2013 NFL Draft: Cleveland Browns Select Georgia Safety Bacarri Rambo at No. 101

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Updated: February 24, 2013

By Kevin Drozin
Writer

“With the 101st overall pick in the 2013 NFL Draft, the Cleveland Browns select…Bacarri Rambo, Safety, University of Georgia”

The Browns’ 4th Round selection will be another influenced by the strong opinion of defensive coordinator Ray Horton. Formerly the defensive backs coach in Pittsburgh, and most recently the defensive coordinator in Arizona, Horton has been blessed with talented safeties in his coaching career.

As a member of Dick LeBeau’s defensive staff in Pittsburgh, Horton had the opportunity to coach future Hall-of-Fame safety Troy Polamalu and helped him perfect his craft of being a ball hawk in the secondary, while also being able to come up to stop a RB at the line of scrimmage. Horton adopted LeBeau’s zone blitzing scheme and took it to Arizona where he aided safeties Adrian Wilson and Kerry Rhodes in becoming game-changing defensive backs.

Horton brings his attacking-style defense to Cleveland where veteran strong safety TJ Ward is looking for a partner in crime. The Usama Young and Eric Hagg experiments at free safety have not worked and the Browns will be looking to improve this position in either free agency or the draft.

Standing at 6’1” 215 lbs, Bacarri Rambo would be a perfect complement to TJ Ward in the Browns secondary and would fit in the “little guys that can hit” category coveted by Horton.

Many experts project Rambo to be drafted between the 3rd and 4th rounds, but two violations of the team drug policy in his career at Georgia could discourage teams positioned in the bottom of the 3rd from selecting him and allow him to slide to the Browns early in the 4th.

In his final three years at Georgia, Rambo averaged 70 tackles, 5 interceptions, and 2 forced fumbles per season (including a four game suspension his senior year for his drug policy violation). He made a name for himself being a presence in the Bulldog secondary as his 16 career interceptions are the most in SEC history. Not only known for his ability to read the quarterback’s eyes, Rambo also packs a punch when he meets a ball carrier in the open field.

Watching film on Rambo, you immediately see his desire to be in on every tackle. Typically playing as the deep safety, and occasionally creeping up into linebacker depth, Rambo finds himself in position to make a play on nearly every snap. Whether he’s the one who makes the initial hit, or if he’s cleaning up the play, Rambo loves contact. While having only totaled 6 forced fumbles in his career at Georgia, in this past season’s game against Georgia Tech in particular, Rambo showed an awareness and ability to strip the ball away from the ball carrier when held up.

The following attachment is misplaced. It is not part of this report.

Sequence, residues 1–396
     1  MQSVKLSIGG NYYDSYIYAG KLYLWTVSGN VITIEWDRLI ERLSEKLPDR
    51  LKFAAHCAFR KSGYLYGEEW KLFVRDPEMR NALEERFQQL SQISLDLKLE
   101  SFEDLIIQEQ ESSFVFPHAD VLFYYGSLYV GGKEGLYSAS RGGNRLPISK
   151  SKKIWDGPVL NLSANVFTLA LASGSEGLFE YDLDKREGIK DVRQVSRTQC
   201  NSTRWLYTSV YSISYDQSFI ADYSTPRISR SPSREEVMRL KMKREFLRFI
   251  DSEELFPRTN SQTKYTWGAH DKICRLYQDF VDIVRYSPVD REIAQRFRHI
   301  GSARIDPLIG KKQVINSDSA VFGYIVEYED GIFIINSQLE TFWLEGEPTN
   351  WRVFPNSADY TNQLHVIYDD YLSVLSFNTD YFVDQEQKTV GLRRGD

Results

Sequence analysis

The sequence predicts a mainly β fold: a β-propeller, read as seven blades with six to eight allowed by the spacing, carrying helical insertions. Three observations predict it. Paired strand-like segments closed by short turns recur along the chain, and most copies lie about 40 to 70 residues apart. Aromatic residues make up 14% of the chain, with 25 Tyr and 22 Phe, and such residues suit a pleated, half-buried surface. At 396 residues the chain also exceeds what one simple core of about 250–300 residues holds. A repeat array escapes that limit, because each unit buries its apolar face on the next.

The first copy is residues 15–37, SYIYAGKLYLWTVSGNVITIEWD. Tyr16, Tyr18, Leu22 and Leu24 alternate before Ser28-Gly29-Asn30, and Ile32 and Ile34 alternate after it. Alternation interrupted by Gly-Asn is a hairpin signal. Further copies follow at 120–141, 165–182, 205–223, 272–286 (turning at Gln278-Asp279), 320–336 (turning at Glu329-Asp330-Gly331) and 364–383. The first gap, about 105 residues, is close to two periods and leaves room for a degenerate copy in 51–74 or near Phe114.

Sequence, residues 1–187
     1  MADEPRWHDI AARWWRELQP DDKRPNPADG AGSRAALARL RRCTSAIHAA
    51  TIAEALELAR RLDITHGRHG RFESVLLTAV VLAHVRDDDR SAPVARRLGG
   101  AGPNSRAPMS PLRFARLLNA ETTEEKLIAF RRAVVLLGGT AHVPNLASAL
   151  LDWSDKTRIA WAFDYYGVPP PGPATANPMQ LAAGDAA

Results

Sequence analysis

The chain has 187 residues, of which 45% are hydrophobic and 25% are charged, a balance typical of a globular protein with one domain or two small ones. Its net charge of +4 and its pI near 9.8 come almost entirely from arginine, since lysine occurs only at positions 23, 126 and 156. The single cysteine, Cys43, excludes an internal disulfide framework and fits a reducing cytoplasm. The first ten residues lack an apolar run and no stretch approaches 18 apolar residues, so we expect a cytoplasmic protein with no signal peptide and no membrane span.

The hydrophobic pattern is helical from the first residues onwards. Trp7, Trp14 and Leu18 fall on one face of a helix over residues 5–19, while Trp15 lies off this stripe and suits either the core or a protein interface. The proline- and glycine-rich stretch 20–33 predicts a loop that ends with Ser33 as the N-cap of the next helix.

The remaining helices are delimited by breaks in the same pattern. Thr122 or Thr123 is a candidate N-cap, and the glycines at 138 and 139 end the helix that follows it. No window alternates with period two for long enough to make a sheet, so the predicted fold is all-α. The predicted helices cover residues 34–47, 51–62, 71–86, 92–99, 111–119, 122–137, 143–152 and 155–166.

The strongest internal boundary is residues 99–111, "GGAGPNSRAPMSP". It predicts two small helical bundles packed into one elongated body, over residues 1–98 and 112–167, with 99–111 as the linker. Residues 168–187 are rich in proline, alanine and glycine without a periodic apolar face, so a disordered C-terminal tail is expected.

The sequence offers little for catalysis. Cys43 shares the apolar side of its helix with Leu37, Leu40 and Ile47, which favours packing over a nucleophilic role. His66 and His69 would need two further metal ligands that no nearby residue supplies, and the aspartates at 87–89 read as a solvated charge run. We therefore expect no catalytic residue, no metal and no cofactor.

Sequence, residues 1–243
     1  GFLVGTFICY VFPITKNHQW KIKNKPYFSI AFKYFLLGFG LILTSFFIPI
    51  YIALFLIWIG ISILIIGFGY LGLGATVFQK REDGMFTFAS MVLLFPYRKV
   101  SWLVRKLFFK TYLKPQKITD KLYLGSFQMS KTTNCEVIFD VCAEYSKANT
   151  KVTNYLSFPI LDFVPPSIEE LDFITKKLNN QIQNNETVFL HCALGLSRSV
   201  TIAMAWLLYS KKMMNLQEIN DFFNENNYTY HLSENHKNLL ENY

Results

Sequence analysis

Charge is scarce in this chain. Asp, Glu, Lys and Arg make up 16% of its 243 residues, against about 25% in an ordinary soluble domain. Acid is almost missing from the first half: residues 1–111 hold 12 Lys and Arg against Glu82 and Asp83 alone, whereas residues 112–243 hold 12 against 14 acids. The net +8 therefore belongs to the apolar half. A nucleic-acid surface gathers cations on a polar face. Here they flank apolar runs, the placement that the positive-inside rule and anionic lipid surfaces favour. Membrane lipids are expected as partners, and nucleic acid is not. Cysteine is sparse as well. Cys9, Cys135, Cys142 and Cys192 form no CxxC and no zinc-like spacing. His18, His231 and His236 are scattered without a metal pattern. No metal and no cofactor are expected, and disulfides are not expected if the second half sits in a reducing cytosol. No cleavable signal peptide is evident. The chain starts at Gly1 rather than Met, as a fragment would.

In pass coverage, Rambo does a fantastic job in his usual deep safety slot, reading the quarterback’s eyes and not allowing wide receivers to get behind him in zone coverage. If the ball is thrown off target, he has a knack for making a break on the ball and getting his hands on it; thrown on target, Rambo uses his strength and leaping ability to meet the ball at its highest point with the receiver and rip his hands away from the ball.

Considering some weaknesses, he likes to really smack the ball carrier, so on occasion Rambo drops his shoulder without wrapping up, leading to some missed tackles. Also, his projected 4.58 second 40-time is fast enough to keep up with wide receivers, but he struggles to make up ground if beaten in man coverage.

Possessing similar natural instincts to those of Troy Polamalu when he came out of USC, Rambo has the potential to become an NFL Pro Bowler, but will need some time to perfect his craft. Joe Haden and TJ Ward, who have both learned to minimize mistakes in their first three NFL seasons, could act as valuable mentors to Rambo who would need to get up to speed quickly as a likely starter on the Browns defense. Add tutoring from defensive backfield guru Ray Horton, and the Haden, Ward, Rambo trio will make the jump to the elite level.

If the Browns front office was to ignore free agency and stick strictly to the Draft, they could still put together a solid group of defensive backs that could become one of the best in the NFL. A fresh, young secondary featuring Dee Milliner, Joe Haden, TJ Ward, and Rambo would have NFL Draft analysts drooling over the talent on the roster, and would give owner Jimmy Haslam the positive publicity he desires.

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